Retail is plagued with workers making less than $15 an hour, despite employers' rising profits
Thousands of workers in food service, hospitality and retail are still making below $15 an hour, including the majority of workers at big-box stores and discount retailers. That low wage stands in contrast to employer who rake in vast amounts of profit, according to a new survey from the left-leaning Economic Policy Institute.
The survey gathered hourly wages reported by employees at more than 60 companies, including Dollar General, McDonald's, Starbucks and Walmart. EPI analyzed the responses and found that 89% of McDonald's workers make below $15, while 92% of Dollar General workers also make below $15. The survey data suggests that states should increase their minimum wage, EPI said.
"Low wages are a defining feature of the U.S. labor market, and the service sector in particular," Ben Zipperer, an EPI economist, said in a statement. "Low pay is not limited to mom-and-pop stores — it is also widespread in big box stores, restaurants and grocery stores that often have high CEO pay and revenue."
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About 63% of Starbucks workers make below $15. At Walmart, 51% of workers also make below $15, according to the EPI survey, which was conducted between March and November last year. The survey, which drew more than 20,000 responses, also notes companies where a majority of workers earn above $15 an hour, including Amazon, Costco and UPS.
Walmart increased its minimum wage to $12 an hour last September, the Wall Street Journal reported. Dollar General did not respond to requests for comment on its wages.
De facto wage standard — $15
The U.S. has seen a tight labor market over the past two years as employers have tried to entice workers to come back from coronavirus pandemic lockdowns. Seen as a deal sweetener, $15 an hour has become the de facto wage standard among companies competing to hire new staff, the Associated Press reported.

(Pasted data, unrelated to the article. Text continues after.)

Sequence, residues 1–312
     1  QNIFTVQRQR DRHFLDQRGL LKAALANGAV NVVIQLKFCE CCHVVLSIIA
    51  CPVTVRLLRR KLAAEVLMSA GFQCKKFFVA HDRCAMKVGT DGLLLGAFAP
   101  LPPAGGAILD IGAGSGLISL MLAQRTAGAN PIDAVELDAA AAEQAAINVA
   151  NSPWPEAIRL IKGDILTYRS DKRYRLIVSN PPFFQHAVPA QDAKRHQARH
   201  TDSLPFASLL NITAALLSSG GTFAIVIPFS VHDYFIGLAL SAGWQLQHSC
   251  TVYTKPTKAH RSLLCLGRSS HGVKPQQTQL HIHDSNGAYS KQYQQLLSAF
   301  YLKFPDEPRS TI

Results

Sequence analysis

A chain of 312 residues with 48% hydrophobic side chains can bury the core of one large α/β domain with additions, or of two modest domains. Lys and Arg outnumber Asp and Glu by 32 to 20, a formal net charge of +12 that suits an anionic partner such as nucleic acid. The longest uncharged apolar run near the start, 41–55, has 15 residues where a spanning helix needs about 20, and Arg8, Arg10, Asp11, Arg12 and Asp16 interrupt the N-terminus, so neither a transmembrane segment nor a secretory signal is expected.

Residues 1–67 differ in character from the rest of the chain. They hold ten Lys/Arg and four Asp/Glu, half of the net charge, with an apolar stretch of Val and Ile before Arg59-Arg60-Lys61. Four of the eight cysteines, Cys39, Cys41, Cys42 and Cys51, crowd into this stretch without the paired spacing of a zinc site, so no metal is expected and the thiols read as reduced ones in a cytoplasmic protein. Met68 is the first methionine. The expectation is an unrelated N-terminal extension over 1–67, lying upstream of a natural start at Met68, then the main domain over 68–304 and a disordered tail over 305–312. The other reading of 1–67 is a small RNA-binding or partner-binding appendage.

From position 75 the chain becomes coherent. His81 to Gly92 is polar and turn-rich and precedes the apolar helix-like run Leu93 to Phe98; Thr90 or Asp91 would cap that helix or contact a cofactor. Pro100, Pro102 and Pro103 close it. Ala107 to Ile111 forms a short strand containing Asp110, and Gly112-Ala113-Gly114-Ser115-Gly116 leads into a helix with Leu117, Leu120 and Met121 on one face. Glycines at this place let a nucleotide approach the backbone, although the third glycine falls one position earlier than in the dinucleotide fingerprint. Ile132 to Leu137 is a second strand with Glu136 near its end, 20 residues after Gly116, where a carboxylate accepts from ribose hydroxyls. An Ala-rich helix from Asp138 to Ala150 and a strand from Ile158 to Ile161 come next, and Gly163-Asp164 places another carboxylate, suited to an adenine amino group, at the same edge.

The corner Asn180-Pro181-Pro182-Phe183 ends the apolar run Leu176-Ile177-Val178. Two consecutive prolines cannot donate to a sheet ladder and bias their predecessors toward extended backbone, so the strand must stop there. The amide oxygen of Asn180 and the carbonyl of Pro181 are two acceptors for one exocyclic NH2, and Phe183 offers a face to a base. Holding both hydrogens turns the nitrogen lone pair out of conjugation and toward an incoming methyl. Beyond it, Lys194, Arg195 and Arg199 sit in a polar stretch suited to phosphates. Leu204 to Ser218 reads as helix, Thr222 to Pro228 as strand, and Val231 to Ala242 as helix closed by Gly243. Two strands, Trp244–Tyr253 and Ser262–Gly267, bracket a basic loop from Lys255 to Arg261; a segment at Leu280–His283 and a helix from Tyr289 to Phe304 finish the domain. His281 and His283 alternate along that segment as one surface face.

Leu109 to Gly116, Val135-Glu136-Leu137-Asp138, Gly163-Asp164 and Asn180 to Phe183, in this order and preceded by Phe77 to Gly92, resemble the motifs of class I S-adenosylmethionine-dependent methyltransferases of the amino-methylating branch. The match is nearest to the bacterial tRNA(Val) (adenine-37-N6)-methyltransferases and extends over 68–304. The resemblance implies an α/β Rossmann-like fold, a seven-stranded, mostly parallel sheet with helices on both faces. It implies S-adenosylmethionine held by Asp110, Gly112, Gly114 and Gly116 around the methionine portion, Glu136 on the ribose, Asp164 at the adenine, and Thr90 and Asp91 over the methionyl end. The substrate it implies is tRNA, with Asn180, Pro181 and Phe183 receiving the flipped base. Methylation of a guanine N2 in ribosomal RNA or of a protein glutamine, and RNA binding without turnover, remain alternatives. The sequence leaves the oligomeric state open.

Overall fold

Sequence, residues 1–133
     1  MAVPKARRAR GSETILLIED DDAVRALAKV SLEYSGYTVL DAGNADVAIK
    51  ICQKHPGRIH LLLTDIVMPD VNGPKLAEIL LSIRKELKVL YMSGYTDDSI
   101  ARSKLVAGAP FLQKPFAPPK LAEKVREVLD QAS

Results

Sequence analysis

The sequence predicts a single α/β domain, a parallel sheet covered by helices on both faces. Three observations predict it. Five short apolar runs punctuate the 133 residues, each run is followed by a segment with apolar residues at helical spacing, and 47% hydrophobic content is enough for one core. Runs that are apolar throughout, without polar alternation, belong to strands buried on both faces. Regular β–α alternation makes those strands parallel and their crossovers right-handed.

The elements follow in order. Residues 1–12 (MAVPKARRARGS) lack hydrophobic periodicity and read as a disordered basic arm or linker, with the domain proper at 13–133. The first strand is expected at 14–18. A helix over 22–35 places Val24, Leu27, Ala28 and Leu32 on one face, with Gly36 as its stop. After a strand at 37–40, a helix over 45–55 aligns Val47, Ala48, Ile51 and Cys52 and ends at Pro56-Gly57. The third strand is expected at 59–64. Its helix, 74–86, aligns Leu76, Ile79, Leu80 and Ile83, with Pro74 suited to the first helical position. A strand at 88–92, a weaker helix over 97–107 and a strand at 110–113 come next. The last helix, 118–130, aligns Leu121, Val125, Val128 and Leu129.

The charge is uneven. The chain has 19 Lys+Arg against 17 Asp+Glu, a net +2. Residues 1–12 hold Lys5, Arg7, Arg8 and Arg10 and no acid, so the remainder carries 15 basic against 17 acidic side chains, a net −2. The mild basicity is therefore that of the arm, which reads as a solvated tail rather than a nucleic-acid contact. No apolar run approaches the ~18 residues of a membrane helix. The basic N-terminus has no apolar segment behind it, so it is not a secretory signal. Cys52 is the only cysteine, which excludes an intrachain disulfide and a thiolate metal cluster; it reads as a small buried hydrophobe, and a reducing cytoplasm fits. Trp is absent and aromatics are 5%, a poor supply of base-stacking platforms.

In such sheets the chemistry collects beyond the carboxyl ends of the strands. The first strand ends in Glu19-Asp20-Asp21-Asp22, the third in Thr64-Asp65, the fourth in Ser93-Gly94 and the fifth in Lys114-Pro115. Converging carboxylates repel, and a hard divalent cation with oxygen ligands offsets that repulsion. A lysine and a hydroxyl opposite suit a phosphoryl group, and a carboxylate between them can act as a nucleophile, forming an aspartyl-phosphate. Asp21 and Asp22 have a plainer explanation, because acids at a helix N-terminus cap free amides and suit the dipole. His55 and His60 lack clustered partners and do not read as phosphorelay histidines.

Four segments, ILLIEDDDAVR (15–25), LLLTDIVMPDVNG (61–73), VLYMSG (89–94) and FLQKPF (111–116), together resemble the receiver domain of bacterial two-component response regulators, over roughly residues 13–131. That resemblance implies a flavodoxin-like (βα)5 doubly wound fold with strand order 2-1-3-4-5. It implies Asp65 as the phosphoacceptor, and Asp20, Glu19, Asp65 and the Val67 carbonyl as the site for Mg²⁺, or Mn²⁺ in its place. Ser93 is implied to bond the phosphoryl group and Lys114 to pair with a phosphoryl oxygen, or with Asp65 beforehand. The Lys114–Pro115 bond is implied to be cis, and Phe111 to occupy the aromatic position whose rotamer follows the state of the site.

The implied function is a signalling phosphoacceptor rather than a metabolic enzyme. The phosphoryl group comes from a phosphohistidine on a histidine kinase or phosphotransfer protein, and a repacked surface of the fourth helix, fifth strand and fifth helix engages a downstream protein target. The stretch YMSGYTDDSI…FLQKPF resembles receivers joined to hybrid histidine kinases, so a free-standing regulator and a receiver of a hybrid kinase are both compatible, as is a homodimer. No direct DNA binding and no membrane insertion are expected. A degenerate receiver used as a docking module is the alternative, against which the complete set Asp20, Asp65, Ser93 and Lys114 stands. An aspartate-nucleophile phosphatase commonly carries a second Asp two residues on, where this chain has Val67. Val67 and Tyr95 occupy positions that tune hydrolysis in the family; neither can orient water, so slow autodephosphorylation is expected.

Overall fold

McDonald's announced last year that it plans to raise its minimum wage to $15 an hour by 2024 at company-owned locations, while Starbucks is expected to roll out a $15-an-hour minimum wage this summer.
But the EPI survey, released Tuesday, suggests that not everyone has been offered the new standard pay.
"Wages are far too low for far too many workers in the service sector, millions of whom staffed the front lines during the pandemic," Harvard University public policy professor Daniel Schneider, who helped conduct the survey, said in a statement. "But these data also show that higher wages are more than possible. They are already a reality for workers at some of the largest firms in the country."
As a result of a pandemic-fueled labor shortage, the average hourly wage increased 5.1% between February 2021 and February 2022, according to U.S. Department of Labor data — the highest pay increase frontline employees, such as grocery clerks and retail workers, have seen in over a decade. However, the consumer prices rose nearly 8% during that same period.
Average American will be poorer this year
Those figures mean that the average American will likely be a few percentage points poorer this year, Columbia University finance professor Laura Veldkamp told CBS News.
Even for those who received the seemingly robust wage gains, the increase amounts to only "pennies" per hour once inflation is included, according to an analysis from the Brookings Institution — as supply-chain constraints and robust economic demand, combined with U.S. sanctions on Russian businesses, drive broad increases in the price of food, energy and other items.
"You need to ask for a wage raise if you want to cut even or break even," Veldkamp said.
Meanwhile, the federal minimum wage in the U.S. has remained fixed for the last 12 years at $7.25 an hour.
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